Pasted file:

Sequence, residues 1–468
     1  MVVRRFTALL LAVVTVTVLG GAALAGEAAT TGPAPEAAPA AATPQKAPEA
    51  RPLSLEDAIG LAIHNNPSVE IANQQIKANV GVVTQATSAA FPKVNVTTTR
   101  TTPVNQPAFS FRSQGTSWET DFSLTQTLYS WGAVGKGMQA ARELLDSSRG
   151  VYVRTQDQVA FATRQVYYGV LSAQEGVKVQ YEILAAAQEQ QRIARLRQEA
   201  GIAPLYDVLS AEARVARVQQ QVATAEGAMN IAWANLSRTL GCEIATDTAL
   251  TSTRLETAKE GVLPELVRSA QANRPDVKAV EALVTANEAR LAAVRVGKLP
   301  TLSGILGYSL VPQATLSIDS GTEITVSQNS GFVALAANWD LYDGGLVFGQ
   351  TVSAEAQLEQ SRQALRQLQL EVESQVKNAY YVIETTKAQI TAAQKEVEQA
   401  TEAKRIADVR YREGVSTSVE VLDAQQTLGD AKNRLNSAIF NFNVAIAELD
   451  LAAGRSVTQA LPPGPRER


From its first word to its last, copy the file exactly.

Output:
Sequence, residues 1–468
     1  MVVRRFTALL LAVVTVTVLG GAALAGEAAT TGPAPEAAPA AATPQKAPEA
    51  RPLSLEDAIG LAIHNNPSVE IANQQIKANV GVVTQATSAA FPKVNVTTTR
   101  TTPVNQPAFS FRSQGTSWET DFSLTQTLYS WGAVGKGMQA ARELLDSSRG
   151  VYVRTQDQVA FATRQVYYGV LSAQEGVKVQ YEILAAAQEQ QRIARLRQEA
   201  GIAPLYDVLS AEARVARVQQ QVATAEGAMN IAWANLSRTL GCEIATDTAL
   251  TSTRLETAKE GVLPELVRSA QANRPDVKAV EALVTANEAR LAAVRVGKLP
   301  TLSGILGYSL VPQATLSIDS GTEITVSQNS GFVALAANWD LYDGGLVFGQ
   351  TVSAEAQLEQ SRQALRQLQL EVESQVKNAY YVIETTKAQI TAAQKEVEQA
   401  TEAKRIADVR YREGVSTSVE VLDAQQTLGD AKNRLNSAIF NFNVAIAELD
   451  LAAGRSVTQA LPPGPRER